By Don Simpson | October 20, 2013
Director: Marçal Forés
Writers: Marçal Forés, Aintza Serra, Enric Pardo
Starring: Oriol Pla, Augustus Prew, Dimitri Leonidas, Roser Tapias, Javier Beltrán, Martin Freeman, Maria Rodríguez, Katia Klein, Emma Lacostena, Alba Ribas
A shy Catalan high schooler, Pol (Orial Pla) resides with his older brother, Llorenc (Javier Beltran). While not at school, Pol hangs out with his best friend, a walking and talking Teddy Bear named Deerhoof. Pol knows better than to confide in either of his two friends at school — Laia (Rosier Tapas) and Mark (Dimitri Leonidas) — about Deerhoof, so no one knows about Deerhoof except for Llorenc who thinks Pol is crazy; and considering that no one else can see or hear Deerhoof, Llorenc’s diagnosis seems to be pretty spot on.
Still trying to navigate his own sexual orientation, Pol naively ignores the flirtatious advances of Laia. It is not until Pol becomes obsessed with two mysterious new students — Clara (Maria Rodríguez) and Ikari (Augustus Prew) — that his sexual preference begins to grow more apparent. When Clara dies mysteriously, the door is opened for Pol to bond with Ikari over Charles Burns’ graphic novels.
For all intents and purposes, Pol sheds Deerhoof for Ikari — a choice that will probably haunt Pol until the end of his life. Ironically enough, Ikari seems to be the one character who would be most receptive to Deerhoof’s existence (or lack thereof). Ikari ups the ante on Pol’s brooding angst, dragging him down a black hole of self-mutilation. While maybe a bit too shy to sexually experiment with Ikari, Pol becomes addicted to the penetration of Ikari’s blade.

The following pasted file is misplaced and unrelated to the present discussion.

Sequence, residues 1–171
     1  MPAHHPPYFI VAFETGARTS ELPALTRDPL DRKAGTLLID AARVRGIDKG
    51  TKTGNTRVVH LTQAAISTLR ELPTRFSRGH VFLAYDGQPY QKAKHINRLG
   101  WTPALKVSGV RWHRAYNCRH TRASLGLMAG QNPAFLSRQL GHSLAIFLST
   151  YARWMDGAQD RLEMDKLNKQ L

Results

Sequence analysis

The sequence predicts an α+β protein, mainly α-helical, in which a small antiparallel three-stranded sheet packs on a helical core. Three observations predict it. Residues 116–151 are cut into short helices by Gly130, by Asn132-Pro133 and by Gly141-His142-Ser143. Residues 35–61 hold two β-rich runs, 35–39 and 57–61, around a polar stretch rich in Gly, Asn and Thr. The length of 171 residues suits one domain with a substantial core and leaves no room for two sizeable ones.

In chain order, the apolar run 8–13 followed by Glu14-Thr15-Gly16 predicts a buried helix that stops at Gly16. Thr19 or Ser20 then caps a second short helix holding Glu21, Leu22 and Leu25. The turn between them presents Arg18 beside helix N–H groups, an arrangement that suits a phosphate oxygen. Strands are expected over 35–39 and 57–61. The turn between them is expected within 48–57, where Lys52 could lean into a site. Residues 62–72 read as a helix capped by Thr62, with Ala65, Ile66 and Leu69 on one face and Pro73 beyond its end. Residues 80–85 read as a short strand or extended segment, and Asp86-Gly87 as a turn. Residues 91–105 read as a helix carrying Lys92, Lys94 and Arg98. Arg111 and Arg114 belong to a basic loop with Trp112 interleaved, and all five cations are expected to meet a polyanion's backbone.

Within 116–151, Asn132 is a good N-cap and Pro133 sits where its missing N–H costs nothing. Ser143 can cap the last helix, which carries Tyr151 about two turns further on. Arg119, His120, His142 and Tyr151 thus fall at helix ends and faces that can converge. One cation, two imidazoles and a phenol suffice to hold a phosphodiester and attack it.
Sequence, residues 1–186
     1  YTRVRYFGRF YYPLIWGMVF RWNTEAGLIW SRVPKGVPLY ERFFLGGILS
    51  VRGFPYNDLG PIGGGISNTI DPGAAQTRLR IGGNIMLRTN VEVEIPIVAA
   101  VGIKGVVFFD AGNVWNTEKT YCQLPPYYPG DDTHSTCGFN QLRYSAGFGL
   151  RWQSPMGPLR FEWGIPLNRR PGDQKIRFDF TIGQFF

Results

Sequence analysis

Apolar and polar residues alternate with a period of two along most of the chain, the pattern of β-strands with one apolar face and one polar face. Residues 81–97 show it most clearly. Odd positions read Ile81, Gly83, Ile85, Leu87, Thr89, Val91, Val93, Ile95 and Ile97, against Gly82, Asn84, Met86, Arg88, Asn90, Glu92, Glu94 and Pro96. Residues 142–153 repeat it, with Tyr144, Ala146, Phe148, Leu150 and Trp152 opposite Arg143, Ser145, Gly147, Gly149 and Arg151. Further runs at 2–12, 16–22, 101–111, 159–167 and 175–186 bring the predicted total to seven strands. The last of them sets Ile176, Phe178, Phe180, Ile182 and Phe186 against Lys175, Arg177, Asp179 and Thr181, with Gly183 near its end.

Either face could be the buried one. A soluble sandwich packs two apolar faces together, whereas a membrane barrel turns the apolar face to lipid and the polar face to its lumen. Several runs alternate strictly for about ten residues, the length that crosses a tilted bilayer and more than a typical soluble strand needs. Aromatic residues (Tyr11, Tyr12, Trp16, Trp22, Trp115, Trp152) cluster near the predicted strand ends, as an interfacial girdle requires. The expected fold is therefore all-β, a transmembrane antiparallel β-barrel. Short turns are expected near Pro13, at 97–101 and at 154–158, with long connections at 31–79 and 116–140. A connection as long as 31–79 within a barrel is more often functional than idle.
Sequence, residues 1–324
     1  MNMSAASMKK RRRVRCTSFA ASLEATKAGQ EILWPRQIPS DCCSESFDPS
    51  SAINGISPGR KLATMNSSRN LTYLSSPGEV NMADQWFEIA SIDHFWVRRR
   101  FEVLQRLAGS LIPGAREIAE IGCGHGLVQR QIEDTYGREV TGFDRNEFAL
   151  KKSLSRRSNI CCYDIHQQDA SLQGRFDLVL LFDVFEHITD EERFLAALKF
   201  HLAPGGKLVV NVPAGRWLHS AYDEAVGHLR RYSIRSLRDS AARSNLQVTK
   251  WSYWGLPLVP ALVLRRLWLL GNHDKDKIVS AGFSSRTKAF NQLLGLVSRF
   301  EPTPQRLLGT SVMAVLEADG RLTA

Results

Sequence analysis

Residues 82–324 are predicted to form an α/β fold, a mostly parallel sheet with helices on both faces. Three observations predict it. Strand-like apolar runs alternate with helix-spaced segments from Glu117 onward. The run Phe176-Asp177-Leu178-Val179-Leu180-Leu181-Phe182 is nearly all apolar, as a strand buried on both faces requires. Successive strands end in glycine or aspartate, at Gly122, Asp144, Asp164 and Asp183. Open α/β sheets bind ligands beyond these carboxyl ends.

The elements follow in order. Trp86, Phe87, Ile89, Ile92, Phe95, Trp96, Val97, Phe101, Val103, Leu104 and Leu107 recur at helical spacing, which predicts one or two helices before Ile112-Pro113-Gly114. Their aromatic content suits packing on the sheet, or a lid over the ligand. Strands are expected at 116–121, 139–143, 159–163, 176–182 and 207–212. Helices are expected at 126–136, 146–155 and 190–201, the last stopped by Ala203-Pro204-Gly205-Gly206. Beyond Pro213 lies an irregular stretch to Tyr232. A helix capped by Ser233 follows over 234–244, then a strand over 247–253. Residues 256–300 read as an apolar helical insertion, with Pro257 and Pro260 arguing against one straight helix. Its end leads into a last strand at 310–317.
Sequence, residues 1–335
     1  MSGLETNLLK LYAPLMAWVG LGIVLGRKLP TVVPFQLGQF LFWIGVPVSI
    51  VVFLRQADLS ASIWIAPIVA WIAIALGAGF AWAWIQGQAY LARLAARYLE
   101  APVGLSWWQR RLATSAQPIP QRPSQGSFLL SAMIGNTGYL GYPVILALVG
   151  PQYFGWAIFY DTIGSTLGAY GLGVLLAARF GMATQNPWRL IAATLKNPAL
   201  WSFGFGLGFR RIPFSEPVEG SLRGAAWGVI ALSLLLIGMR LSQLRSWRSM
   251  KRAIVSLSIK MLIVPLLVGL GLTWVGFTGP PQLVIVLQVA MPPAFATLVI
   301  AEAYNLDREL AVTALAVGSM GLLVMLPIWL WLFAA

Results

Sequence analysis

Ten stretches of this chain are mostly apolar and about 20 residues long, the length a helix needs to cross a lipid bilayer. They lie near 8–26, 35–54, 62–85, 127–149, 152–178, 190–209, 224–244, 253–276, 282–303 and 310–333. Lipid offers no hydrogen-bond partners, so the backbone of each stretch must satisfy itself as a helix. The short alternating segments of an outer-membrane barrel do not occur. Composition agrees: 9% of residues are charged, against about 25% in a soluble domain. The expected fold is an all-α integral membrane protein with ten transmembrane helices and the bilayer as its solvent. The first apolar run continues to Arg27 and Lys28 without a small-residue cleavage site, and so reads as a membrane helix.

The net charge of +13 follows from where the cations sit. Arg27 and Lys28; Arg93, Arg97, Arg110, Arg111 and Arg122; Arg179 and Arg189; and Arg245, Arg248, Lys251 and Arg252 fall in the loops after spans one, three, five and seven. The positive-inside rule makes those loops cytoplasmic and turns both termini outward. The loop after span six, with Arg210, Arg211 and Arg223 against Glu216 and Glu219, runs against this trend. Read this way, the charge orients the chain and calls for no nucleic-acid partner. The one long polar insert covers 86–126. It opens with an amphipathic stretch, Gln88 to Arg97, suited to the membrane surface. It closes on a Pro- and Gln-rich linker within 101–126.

We know that Deerhoof is not real — because, well, Teddy Bears do not walk and talk in reality — but the authenticity of Pol’s other visions are dramatically more blurred. Nightmarishly surreal at its core, uneasy undertones haunt from the periphery of Marçal Forés’ Animals. Repeatedly comparisons to Donnie Darko by critics make perfect sense, as both lead adolescents are driven to madness while transitioning into adulthood. Pol and Donnie each try to escape the sheer randomness of death and the all too real horrors of our modern world by taking solitary journeys with their headphones on, in an erstwhile attempt to stop the world before they have to grow up.
Using Burns’ Black Hole as a central reference point in terms of moods and metaphors, Forés echoes the graphic novel’s keen perspective of the potential darkness of sexual awakening and emotional maturation. Forés paints Pol’s portrait of adolescent angst with a discordant indie rock soundtrack (Deerhoof is named after one of Pol’s favorite bands) and Eduard Grau’s (A Single Man, Finisterrae) subtly menacing cinematography; occasionally lightening up the tone a bit with some humor, courtesy of the Teddy Bear. Bridges, tunnels, lakes and forests all play prevalent roles in the landscape of Pol’s life, signifying the Sisyphean repetitiousness of his tumultuous journey into adulthood. It is also not without purpose that Pol is surrounded by wildlife, as humans are just another breed of animal in Forés’ world; though humans are much, much stranger and crazier.